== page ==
New York Mayor Bill De Blasio threatened Tuesday that he may close the Satmar Hasidic sect’s flagship synagogue in Brooklyn “once and for all,” after the group flouted measures intended to minimize the spread of the coronavirus by hosting a large funeral.
On Monday, hundreds showed up, largely without masks, to the funeral of Rabbi Yisroel Chaim Menashe, a respected judge on the Satmar’s rabbinic court.
The funeral was organized by Congregation Yetev Lev D’Satmar, the sect’s most prominent synagogue in Brooklyn’s Williamsburg neighborhood.
“If we see another confirmed situation in which an inappropriate event is happening in that same building, then we’re going to have to move to shut down the building once and for all,” the mayor warned. “That would be the next step if we see non-compliance.”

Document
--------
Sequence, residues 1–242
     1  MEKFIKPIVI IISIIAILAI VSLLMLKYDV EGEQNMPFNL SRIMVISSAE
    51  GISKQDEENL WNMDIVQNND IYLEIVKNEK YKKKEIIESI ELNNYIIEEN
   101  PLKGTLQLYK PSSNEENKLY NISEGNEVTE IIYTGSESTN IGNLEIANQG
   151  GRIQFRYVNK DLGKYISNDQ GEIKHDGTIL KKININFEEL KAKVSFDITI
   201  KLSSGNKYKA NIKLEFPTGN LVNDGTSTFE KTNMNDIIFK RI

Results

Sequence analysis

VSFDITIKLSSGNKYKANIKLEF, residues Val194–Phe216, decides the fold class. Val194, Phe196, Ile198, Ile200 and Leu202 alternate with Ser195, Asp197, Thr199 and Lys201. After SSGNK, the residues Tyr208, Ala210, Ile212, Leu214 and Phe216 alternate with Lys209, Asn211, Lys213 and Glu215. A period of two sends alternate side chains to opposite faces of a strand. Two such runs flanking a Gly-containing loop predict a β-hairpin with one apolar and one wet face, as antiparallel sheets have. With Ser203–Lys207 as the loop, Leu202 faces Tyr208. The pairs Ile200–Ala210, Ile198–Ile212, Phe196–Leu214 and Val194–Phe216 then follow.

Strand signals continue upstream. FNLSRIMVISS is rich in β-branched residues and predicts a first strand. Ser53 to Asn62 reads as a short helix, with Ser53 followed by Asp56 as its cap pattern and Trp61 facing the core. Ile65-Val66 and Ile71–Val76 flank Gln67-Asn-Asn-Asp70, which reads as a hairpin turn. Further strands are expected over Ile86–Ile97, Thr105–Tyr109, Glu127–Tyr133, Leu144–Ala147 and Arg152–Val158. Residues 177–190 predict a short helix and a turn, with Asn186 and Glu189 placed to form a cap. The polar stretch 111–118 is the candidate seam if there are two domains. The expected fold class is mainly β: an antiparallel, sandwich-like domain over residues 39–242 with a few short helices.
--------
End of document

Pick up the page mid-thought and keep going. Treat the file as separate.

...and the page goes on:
It was not the synagogue’s first clash with De Blasio over large events. In October, the synagogue agreed to cancel a wedding celebration for the grandson of Williamsburg’s Satmar Rebbe Zalman Teitelbaum, which was expected to draw thousands of guests. But it secretly held another massive wedding only a few weeks later.
The funeral and the mayor’s statements are only the most recent chapters in a monthslong struggle between New York’s Ultra-Orthodox communities and Mayor De Blasio and Gov. Cuomo’s administration. De Blasio has in the past attempted to shutter New York yeshivas flouting coronavirus regulations, but his efforts have had little effect on the Ultra-Orthodox community, which responded to the mayor and governor’s coronavirus restrictions with a wave of protests in September.